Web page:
It is my intention to clarify a few issues relating to an English Academy known as Speak Up London, as a young enthusiastic teacher working through the ranks in order to fulfill my life long ambition to become a teacher I was presented with the opportunity to put my skills to the test by accepting an offer from Speak Up London, clearly a well structured professional, ambitious academy. I very much needed the experience which was fair to the wage I was offered for a NQT, I note with interest comments relating to the hourly rate considering many other such academies a fair and respectable wage. I soon proved myself and was then offered a much higher rate. I would like to thank SUL for their professionalism and quality which they provide students throughout Europe., perhaps the debate to focus on the quality of teachers rather than hourly rates paid by academies. There are so many "cowboy" academies in London at the moment who I would rather not work for even if they offered me double to what Speak Up London had offered me. So a big thank you to Speak Up London for continually improving the standards in the EFL sector and for giving a chance to someone like me who was rejected on so many occasions due to a saturated market of CELTA qualified teachers.
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alphabetjim7



Joined: 21 Sep 2013
Posts: 2

PostPosted: Tue Oct 29, 2013 10:48 am    Post subject: Re: Thanks Speak Up, London Reply with quote

It is my intention to clarify a few issues relating to an English Academy known as Speak Up London, as a young enthusiastic teacher working through the ranks in order to fulfill my life long ambition to become a teacher I was presented with the opportunity to put my skills to the test by accepting an offer from Speak Up London, clearly a well structured professional, ambitious academy. I very much needed the experience which was fair to the wage I was offered for a NQT, I note with interest comments relating to the hourly rate considering many other such academies a fair and respectable wage. I soon proved myself and was then offered a much higher rate. I would like to thank SUL for their professionalism and quality which they provide students throughout Europe., perhaps the debate to focus on the quality of teachers rather than hourly rates paid by academies. There are so many "cowboy" academies in London at the moment who I would rather not work for even if they offered me double to what Speak Up London had offered me. So a big thank you to Speak Up London for continually improving the standards in the EFL sector and for giving a chance to someone like me who was rejected on so many occasions due to a saturated market of CELTA qualified teachers.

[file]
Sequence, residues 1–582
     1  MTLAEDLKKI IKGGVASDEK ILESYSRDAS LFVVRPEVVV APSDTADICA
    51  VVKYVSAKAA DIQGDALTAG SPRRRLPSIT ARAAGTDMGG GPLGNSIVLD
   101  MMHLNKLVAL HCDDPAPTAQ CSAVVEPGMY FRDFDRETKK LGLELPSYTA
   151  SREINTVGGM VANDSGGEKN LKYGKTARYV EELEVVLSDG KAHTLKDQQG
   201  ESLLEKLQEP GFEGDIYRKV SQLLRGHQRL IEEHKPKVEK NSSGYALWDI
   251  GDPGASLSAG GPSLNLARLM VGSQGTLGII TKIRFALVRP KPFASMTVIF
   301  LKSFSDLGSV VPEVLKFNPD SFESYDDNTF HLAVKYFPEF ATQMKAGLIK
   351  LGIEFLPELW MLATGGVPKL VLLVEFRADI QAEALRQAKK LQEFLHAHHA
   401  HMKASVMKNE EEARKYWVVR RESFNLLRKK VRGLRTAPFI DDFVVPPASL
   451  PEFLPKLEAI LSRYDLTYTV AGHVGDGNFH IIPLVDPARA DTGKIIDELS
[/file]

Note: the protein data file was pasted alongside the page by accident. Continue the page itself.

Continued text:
john123 wrote:
http://www.tefl.com/jobs/job.html?jo_id=56277

CENTRAL LONDON - 9 POUNDS AN HOUR - I LOVE THE OH-SO KILLER LINE IN THE ADVERT:

'If this is not a rate you cannot accept, DO NOT APPLY'

Welcome to TEFL UK.

Thanks Speak UP, London

Regards
John
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Xie Lin



Joined: 21 Oct 2011
Posts: 288

PostPosted: Tue Oct 29, 2013 12:16 pm    Post subject: Reply with quote

Quote:

. I would like to thank SUL for their professionalism and quality which they provide students throughout Europe.,



Shocked Shocked Shocked

.
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Perilla



Joined: 09 Jul 2010
Posts: 773
Location: Hong Kong

PostPosted: Wed Oct 30, 2013 4:27 am    Post subject: Reply with quote

alphabetjim7 wrote:
It is my intention to clarify a few issues relating to an English Academy known as Speak Up London, as a young enthusiastic teacher working through the ranks in order to fulfill my life long ambition to become a teacher I was presented with the opportunity to put my skills to the test by accepting an offer from Speak Up London, clearly a well structured professional, ambitious academy. I very much needed the experience which was fair to the wage I was offered for a NQT, I note with interest comments relating to the hourly rate considering many other such academies a fair and respectable wage. I soon proved myself and was then offered a much higher rate. I would like to thank SUL for their professionalism and quality which they provide students throughout Europe., perhaps the debate to focus on the quality of teachers rather than hourly rates paid by academies. There are so many "cowboy" academies in London at the moment who I would rather not work for even if they offered me double to what Speak Up London had offered me. So a big thank you to Speak Up London for continually improving the standards in the EFL sector and for giving a chance to someone like me who was rejected on so many occasions due to a saturated market of CELTA qualified teachers.


This, quite obviously, is a crock. Or should that be crook?
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Captain Coddo



Joined: 04 Feb 2012
Posts: 22
Location: East Coast

PostPosted: Fri Nov 01, 2013 4:21 pm    Post subject: speak up Reply with quote

Thanks for the great laugh, Speak Up! Clearly the piece above was NOT written by an English teacher, as the punctuation is SO bad!

It probably came for one of the under-educated Asian owners, what with its sub-GCSE grammar and clearly management-influenced vocabulary.

I guess they must be having problems recruiting teachers to work for their awful wages!